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Telecommunications Case Studies: 

              Surveillance photos at Ace Wholesale in Taylor, Michigan, taken by private investigator for Sprint as part of a lawsuit against Ace.


A Michigan man whom authorities say was a major player in the underground market for stolen smartphones pleaded guilty Thursday in federal court to trafficking stolen iPhones and other devices overseas, where they were sold for as much as $3,000 each.

Authorities say Floarea owned an electronics business called Ace Wholesale and used his storefronts in suburban Detroit and Atlanta to buy stolen smartphones in bulk and export them to other countries.

Authorities say Floarea bought the phones from thieves who stole them from consumers and retailers, often at gunpoint, and from con artists who bought the phones at steep discounts by agreeing to wireless contracts they had no intention of fulfilling.

Floarea hacked the phones' software to enable them to connect with wireless networks around the world, then shipped them as far away as Hong Kong, authorities said.

"These scams literally wreak havoc on local communities, because they create incentives for unscrupulous individuals to engage in all types of criminal activity to get their hands on phones," said Marlon Miller, special agent in charge of Homeland Security Investigations in Detroit, the unit that led the investigation into Floarea's business. "And once these phones are in the hands of overseas buyers, it's virtually impossible to track them back to the individuals perpetuating these crimes."

Authorities said Floarea was one of the country's most prolific phone traffickers, claiming that he was exporting thousands of phones that he knew were obtained by theft or fraud. Before a federal SWAT team descended in 2012, one Ace Wholesale storefront in a Detroit suburb attracted so many people bearing shopping bags stuffed with iPhones and iPads that managers installed a port-a-potty on the sidewalk.

Once inside the store, people deposited stolen phones into a rotating drawer below a bulletproof glass window and waited for the cashier to deliver stacks of cash. So much money changed hands in this fashion at the Ace Wholesale storefront in Taylor, Michigan that an armored truck arrived each morning to deliver fresh bundles of cash, according to a private investigator for Sprint.

 
 

 
Sprint has filed a lawsuit against Ace Wholesale, accusing Floarea's business of depriving the wireless company of revenue from monthly phone bills by shipping phones overseas. The suit is still pending.

Floarea's guilty plea follows a three-year investigation by Sprints Private Investigators and Special Agents with U.S. Immigration and Customs Enforcement called "Operation Jailbreak." The investigation led to the arrest of a dozen other people who sold stolen phones to Ace Wholesale. As part of a plea deal, Floarea lost $1 million in seized funds and about $200,000 in assets. He could face up to 18 months in prison when he is sentenced in January.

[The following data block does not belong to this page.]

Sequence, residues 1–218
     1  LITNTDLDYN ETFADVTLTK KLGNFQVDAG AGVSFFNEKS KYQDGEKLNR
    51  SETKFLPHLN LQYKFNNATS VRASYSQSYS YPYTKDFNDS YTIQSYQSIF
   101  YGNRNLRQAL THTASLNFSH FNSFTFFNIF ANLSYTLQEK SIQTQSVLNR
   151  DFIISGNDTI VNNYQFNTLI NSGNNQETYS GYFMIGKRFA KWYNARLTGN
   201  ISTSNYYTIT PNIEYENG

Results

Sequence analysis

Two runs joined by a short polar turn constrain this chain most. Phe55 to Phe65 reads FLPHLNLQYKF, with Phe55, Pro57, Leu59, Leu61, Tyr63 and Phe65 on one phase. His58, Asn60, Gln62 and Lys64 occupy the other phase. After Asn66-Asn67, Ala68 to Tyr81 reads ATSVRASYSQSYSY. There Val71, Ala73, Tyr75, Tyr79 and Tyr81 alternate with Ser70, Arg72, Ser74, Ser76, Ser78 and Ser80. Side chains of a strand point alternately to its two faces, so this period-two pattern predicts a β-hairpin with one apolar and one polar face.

Ace Wholesale's storefront in Taylor, Michigan


Federal Court Issues $1 Million Contempt Award for Repeated Cell Phone Unlocking Misconduct
03.31.2016
By James B. Baldinger, Matthew E. Kohen, Aaron S. Weiss

On March 18, United States District Judge Ursula Ungaro of the United States District Court for the Southern District of Florida entered an order against a  Hong Kong-based company that was improperly distributing prohibited cell phone unlocking solutions and imposed a damages award of $1 million. The case, TracFone Wireless, Inc. v. Technopark Co., Ltd., et al., 2016 WL 1127833 (S.D. Fla. Mar. 17, 2016), was originally filed by TracFone against Technopark on January 4, 2012. TracFone sued Technopark for its conduct related to the sale and distribution of devices capable of unlocking TracFone cell phones for use on other carriers’ wireless networks without TracFone’s authorization. TracFone subsequently obtained a final judgment and permanent injunction against Technopark, which prohibited the company from engaging in the sale or distribution of prohibited unlocking devices at any point in the future. 

In February 2016, after discovering that Technopark had renewed its illicit activities and was again engaging in the sale and distribution of a device capable of unlocking TracFone cell phones, TracFone moved to hold Technopark in contempt for its violation of the court’s permanent injunction. While Technopark is based in Hong Kong, it was working with companies around the world to carry out its improper activities, including one company based in South Florida. The court found that Technopark’s “Prohibited Unlocking Device Selling Scheme” violated the permanent injunction and held Technopark in contempt. The court granted TracFone’s motion, entered a damages award in favor of TracFone in the amount of $1 million, gave TracFone the opportunity to submit proof of additional damages.

TracFone’s substantial award is the latest of several Carlton Fields victories on behalf of many of the world’s largest wireless service providers seeking to prevent improper cell phone trafficking. Carlton Fields has represented telecommunications companies in hundreds of lawsuits against cell phone traffickers and unlockers across the country, resulting in nearly 200 final judgments and permanent injunctions, and over $800 million in damages awards.